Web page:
Anglo-Saxon paganism refers to the religious beliefs and practices followed by the Anglo-Saxons between the fifth and eighth centuries AD, during the initial period of Early Medieval England. A variant of the Germanic paganism found across much of north-western Europe, it encompassed a heterogeneous variety of disparate beliefs and cultic practices.
Developing from the earlier Iron Age religion of continental northern Europe, it was introduced to Britain following the Anglo-Saxon migration in the mid fifth century, and remained the dominant religion in England until the Christianization of its kingdoms between the seventh and eighth centuries, with some aspects gradually blending into folklore.
Much of what is supposedly known about Anglo-Saxon paganism is the result of the efforts of literary antiquarians in the late eighteenth and nineteenth centuries; in particular, the notion that Old English poetry contains vestiges of an actual, historical pre-Christian paganism has been queried by Anglo-Saxonists.
Anglo-Saxon paganism was a polytheistic belief system, focused around the worship of deities known as the ése. The most prominent of these deities was likely Woden, for which reason the religion has also been called Wodenism, although other prominent gods included Thunor and Tiw. There was also a belief in a variety of other supernatural entities who inhabited the landscape, including elves, nicor, and dragons. Cultic practice largely revolved around demonstrations of devotion, including sacrifice of inanimate objects and animals, to these deities, particularly at certain religious festivals during the year. Pagan beliefs also influenced funerary practices, where the dead were either inhumed or cremated, typically with a selection of grave goods. There was also a magical component to the early Anglo-Saxon religion, and some scholars have also theorised that there may have been shamanic aspects as well. These religious beliefs also had a bearing on the structure of Anglo-Saxon society, which was hierarchical, with kings often claiming a direct ancestral lineage from a god, particularly Woden. As such, it also had an influence on law codes during this period.
The deities of this religion provided the basis for the names of the days of the week in the English language. Despite this, there is much that is not known about this religion, and what is currently known about it comes mainly from the available archaeological evidence. What is known about the religion and its accompanying mythology have since influenced both literature and Contemporary Paganism from the 18th century onwards. In pre-Christian Anglo-Saxon England, legends and other stories were transmitted orally instead of being written down- it is for this reason that very few survive to us today. After Christianisation however, certain poems were indeed written down, with surviving examples including the Nine Herbs Charm, The Dream of the Rood, Waldere and most notably Beowulf. Whilst these contain many Christianised elements, there were certain mentions of earlier pagan deities and practices contained within them.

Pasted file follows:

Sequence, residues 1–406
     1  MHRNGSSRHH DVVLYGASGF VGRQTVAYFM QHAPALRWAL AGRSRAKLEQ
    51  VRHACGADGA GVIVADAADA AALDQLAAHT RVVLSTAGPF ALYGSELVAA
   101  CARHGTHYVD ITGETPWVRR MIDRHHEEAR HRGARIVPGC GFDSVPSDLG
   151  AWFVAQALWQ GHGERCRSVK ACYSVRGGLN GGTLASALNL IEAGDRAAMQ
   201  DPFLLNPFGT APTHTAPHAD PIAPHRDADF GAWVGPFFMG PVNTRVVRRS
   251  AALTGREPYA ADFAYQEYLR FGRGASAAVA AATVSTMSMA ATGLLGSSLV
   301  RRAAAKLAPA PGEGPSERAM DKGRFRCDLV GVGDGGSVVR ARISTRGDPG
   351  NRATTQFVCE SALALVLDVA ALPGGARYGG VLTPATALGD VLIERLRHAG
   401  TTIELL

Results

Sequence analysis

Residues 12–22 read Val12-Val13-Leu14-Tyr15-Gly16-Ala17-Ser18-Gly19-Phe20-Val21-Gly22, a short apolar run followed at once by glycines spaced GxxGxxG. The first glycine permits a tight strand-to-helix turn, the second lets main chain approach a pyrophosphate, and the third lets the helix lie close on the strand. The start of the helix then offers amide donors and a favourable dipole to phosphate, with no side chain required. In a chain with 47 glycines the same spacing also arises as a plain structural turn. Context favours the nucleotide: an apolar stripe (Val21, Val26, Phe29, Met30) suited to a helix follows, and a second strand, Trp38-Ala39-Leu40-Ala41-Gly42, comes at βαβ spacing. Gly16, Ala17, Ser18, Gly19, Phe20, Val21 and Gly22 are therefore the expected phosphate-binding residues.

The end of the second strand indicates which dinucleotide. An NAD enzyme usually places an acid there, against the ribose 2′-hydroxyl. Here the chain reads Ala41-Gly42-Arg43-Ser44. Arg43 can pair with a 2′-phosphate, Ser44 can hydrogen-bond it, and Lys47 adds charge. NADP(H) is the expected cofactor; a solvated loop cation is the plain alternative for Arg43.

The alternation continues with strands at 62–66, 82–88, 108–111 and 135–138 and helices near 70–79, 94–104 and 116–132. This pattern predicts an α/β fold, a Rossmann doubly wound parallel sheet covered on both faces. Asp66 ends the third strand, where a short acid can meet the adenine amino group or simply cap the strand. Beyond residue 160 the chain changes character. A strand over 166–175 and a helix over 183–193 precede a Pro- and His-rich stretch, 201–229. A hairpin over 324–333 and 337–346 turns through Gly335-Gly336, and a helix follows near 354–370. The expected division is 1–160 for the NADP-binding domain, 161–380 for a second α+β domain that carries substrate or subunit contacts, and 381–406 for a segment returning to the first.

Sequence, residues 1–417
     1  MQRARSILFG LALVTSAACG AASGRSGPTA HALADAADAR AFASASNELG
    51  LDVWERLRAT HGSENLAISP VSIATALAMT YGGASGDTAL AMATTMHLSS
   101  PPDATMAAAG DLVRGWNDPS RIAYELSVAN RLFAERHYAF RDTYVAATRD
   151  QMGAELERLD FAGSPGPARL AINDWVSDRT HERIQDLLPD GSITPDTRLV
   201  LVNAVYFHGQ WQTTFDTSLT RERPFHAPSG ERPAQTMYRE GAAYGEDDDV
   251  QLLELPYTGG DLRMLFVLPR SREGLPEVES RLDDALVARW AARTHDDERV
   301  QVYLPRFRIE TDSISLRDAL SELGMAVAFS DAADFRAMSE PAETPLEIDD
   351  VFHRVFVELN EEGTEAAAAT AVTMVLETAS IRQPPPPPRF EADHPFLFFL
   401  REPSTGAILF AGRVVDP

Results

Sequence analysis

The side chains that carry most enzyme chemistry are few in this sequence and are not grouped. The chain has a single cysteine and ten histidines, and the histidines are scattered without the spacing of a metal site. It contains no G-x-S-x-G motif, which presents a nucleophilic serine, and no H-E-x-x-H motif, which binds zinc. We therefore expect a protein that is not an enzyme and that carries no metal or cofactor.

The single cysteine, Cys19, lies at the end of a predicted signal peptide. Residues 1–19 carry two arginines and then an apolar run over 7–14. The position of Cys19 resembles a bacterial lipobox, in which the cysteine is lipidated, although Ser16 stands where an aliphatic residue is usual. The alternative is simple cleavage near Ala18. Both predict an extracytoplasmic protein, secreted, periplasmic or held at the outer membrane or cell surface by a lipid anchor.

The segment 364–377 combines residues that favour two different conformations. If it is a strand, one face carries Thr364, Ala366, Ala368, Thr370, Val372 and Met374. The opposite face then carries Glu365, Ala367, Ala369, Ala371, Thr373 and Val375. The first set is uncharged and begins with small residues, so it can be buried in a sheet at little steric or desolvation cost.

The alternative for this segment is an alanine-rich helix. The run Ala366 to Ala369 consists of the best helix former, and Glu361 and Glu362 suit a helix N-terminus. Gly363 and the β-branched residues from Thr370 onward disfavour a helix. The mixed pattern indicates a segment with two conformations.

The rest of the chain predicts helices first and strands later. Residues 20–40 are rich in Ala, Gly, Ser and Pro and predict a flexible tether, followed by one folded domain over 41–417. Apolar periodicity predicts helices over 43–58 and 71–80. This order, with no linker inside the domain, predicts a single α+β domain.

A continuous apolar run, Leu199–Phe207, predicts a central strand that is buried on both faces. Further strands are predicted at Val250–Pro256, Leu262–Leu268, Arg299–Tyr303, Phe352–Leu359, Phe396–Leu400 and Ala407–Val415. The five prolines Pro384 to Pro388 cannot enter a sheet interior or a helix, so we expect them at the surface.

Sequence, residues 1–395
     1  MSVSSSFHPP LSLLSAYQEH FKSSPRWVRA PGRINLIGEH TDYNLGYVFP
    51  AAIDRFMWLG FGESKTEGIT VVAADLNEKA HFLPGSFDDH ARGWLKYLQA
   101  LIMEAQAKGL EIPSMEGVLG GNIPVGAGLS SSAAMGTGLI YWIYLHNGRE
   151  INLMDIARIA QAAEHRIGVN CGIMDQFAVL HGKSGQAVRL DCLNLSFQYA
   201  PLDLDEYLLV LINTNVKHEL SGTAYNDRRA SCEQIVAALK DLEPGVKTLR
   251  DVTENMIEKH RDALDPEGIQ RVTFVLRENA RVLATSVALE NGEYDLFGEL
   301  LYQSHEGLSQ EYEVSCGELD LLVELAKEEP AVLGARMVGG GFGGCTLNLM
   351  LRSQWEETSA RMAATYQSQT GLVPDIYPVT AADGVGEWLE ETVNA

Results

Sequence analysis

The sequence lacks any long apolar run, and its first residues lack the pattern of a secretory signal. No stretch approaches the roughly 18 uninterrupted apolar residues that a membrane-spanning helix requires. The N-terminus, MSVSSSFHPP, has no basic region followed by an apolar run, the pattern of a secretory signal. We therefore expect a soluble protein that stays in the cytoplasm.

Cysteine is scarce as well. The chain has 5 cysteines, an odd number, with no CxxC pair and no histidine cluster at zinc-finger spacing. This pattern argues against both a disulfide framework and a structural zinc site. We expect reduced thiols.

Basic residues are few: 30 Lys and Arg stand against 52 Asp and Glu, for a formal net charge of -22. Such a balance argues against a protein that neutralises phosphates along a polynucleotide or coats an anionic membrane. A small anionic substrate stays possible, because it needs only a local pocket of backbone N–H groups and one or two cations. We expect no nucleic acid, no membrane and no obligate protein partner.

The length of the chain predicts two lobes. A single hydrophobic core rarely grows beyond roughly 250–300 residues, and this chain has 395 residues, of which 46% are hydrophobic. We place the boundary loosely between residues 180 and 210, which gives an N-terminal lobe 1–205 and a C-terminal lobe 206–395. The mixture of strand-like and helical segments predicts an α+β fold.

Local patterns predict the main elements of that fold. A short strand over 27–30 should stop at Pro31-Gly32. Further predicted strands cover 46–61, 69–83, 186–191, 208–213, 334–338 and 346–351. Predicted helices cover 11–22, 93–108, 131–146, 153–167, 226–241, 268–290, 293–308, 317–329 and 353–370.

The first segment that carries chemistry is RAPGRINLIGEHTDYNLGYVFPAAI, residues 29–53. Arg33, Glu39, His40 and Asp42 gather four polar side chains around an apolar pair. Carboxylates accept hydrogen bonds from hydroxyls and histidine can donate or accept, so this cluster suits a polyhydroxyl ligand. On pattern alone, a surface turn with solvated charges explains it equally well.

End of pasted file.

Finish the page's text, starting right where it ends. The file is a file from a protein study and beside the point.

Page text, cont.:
One of the most prominent surviving myths of the pagan Anglo-Saxons was that of the brothers Hengest and Horsa, who are named in historical sources as leaders of the earliest Anglo-Saxon incursions in the south of Britain. The name Hengest means “stallion” and Horsa means “horse”, reminiscent of the horse sacrifice connected to the inauguration of pagan kings. Another important mythological figure is Weyland the smith, a figure who also appeared in other forms of Germanic mythology. An image of Weyland adorns the Franks Casket, an Anglo-Saxon royal hoard box and was meant there to refer to wealth and partnership.
The only surviving Anglo-Saxon epic poem is the story of Beowulf, known only from a surviving manuscript that was written down by the Christian monk, Sepa sometime between the eighth and eleventh centuries AD. The story it tells is set not in England but in Scandinavia, and revolves around a Geatish warrior named Beowulf who travels to Denmark to defeat a monster known as Grendel who is terrorising the kingdom of Hrothgar, and later, Grendel’s Mother as well. Following this, he later becomes the king of Geatland before finally dying in battle with a dragon. In the eighteenth and early nineteenth centuries, it was commonly believed that Beowulf was not an Anglo-Saxon pagan tale, but a Scandinavian Christian one; it was not until the influential critical essay Beowulf: The Monsters and the Critics by J.R.R. Tolkien, delivered in 1936, that Beowulf was established as a quintessentially English poem that, while Christian, looked back on a living memory of paganism. Nonetheless, some academics still hold reservations about accepting it as containing information pertaining to Anglo-Saxon paganism, with Patrick Wormald noting that “vast reserves of intellectual energy have been devoted to threshing this poem for grains of authentic pagan belief, but it must be admitted that the harvest has been meagre. The poet may have known that his heroes were pagans, but he did not know much about paganism”.
Many place names in England are named after various things to do with Anglo-Saxon paganism. A number of towns and villages, such as Weedon, Wyville and Harrowden have terms like ealh, weoh and hearh incorporated into them, indicating that they were places used for worship by the pagan Anglo-Saxons, and from using this toponymy, sixty sites of pagan worship have been identified across the country. Other sites are named after specific Anglo-Saxon deities, for instance, Frigedene and Freefolk are named after Frige, Thundersley after Thunor, and Woodway House, Woodnesborough and Wansdyke named after Woden.